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Historic Columbia River Highway

Highway in the News

March 8, 2023

Coming late May 2023: Multnomah Falls Timed Use Permits required at I-84/Exit 31

Between May 26 and Sept. 4, 2023, from 9 a.m. to 6 p.m., a Timed Use Permit will be required for each personal vehicle accessing Multnomah Falls from Exit 31. Multnomah Falls permits will be available online for a $2 transaction fee per vehicle.

Timed use permits will not be required on the Historic Columbia River Highway/U.S. 30 in 2023. However, parking is extremely limited at the small lot along the Historic Highway/U.S. 30 at Multnomah Falls. A concessionaire will be operating this lot on a first-come, first served basis. There are six ADA parking spots at this lot for those with valid ADA placards. When the parking lot is full, vehicles will not be allowed to stop or wait for an open space. 

The most reliable way to see Multnomah Falls continues to be transit, by bicycle, or by tour/shuttle. Avoid the congestion by planning your trip in advance. Permits are only needed if you arrive by personal vehicle at I-84 Exit 31 for Multnomah Falls. 

If you want to visit Multnomah Falls by personal vehicle, the best way is to take I-84 to Exit 31. Permits will be available on recreation.gov two weeks in advance of your visit date. 

Columbia River Gorge Construction: 2023

We’re improving Gorge highways and trails to bring you better trips with many upcoming projects over the next few years. We have new projects that will begin construction and projects that will continue work in 2023.

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A site visit to the Mitchell Point Tunnel in February 2023. Masonry rock is installed in the walls. In the distance, the tunnel entrance is visible with scaffolding to install masonry rock.

  • Construction continues at the Mitchell Point Tunnel segment of the Historic Columbia River Highway State Trail. The Mitchell Point Tunnel is expected to open in 2024.

  • Construction continues on a new two-mile section of the Historic Columbia River Highway State Trail connecting at Viento State Park and continuing east toward Mitchell Point. This segment is anticipated to open in late 2023. Expect around-the-clock lane closures on I-84 east near Exit 56 this spring.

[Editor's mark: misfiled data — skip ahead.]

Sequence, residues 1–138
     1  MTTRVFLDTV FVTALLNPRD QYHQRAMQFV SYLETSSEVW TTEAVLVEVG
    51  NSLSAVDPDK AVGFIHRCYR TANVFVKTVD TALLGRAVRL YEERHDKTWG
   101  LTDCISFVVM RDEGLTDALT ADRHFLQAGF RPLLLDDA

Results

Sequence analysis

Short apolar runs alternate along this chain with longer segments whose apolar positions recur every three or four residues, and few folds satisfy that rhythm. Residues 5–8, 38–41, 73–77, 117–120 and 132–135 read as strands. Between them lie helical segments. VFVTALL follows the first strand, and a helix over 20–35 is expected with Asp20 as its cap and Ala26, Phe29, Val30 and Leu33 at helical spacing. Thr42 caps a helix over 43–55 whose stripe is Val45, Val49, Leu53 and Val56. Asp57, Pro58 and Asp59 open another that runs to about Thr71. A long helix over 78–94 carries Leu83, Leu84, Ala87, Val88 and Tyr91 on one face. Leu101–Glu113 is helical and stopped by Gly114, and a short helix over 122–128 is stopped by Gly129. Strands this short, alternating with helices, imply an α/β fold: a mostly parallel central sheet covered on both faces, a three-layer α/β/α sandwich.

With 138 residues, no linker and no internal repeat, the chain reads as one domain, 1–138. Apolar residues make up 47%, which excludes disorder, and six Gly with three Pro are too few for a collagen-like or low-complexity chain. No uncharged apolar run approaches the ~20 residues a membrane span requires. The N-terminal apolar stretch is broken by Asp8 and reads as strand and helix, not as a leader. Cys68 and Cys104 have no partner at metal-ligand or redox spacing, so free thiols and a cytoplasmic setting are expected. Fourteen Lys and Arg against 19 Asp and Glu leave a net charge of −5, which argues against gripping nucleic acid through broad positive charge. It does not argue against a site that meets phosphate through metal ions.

• Resurfacing begins inside the Toothrock Tunnel in spring 2023. The work will require around-the-clock lane closures and speed reductions in the tunnel.

  • Paving and resurfacing begin for two sections of I-84: From Interstate 205 to 169th Avenue, and from just east of 201st Avenue to Marine Drive (exit 17).

  • Construction begins in early 2023 at the intersection of U.S. 30 (Cascade Avenue) at Rand Road in Hood River to align the north and south roads of the intersection and install a new signal, improving safety and accessibility.

Latourell Creek Bridge - Historic Columbia River Highway

Photo Credit: Multnomah County

November 2, 2022

New Bridge Completed Spanning Latourell Creek

After five months of construction, a new bridge is spanning Latourell Creek in the Columbia River Gorge.

The new concrete crossing on Northeast Latourell Road does away with the deteriorating timber bridge and allows for a safer crossing for the Latourell community with features to help the environment. It is five feet wider and 16 feet longer, allowing more space for both lanes of traffic. The bridge was also built a foot higher to avoid flooding.

The $2.6 million project was funded through the State Funded Local Projects program, which trades federal dollars for state funds on projects chosen under the Oregon Department of Transportation. The bridge was built by Multnomah County crews.

"I'm really proud of the project team for how they coordinated with the contractor and finished this project not only on time but on budget," said Sara Jeffrey, project manager.

The bridge connects a grouping of homes near the creek, and the guardrails were painted brown and made of timber and steel to blend into the natural environment. There was also a stormwater filter installed adjacent to the bridge to treat runoff from the street.

Construction began on July 15 — a timetable set by the Oregon Department of Fish and Wildlife so not to disrupt fish and wildlife. Crews also planted nearly 60 trees and more than 600 plants around the bridge to help the forest grow back.

"This new bridge blends seamlessly into the surrounding environment and will provide the Latourell community with a consistent and safe second access route that is less prone to flooding," said Commissioner Lori Stegmann.

Pamplin Media - Gresham Outlook

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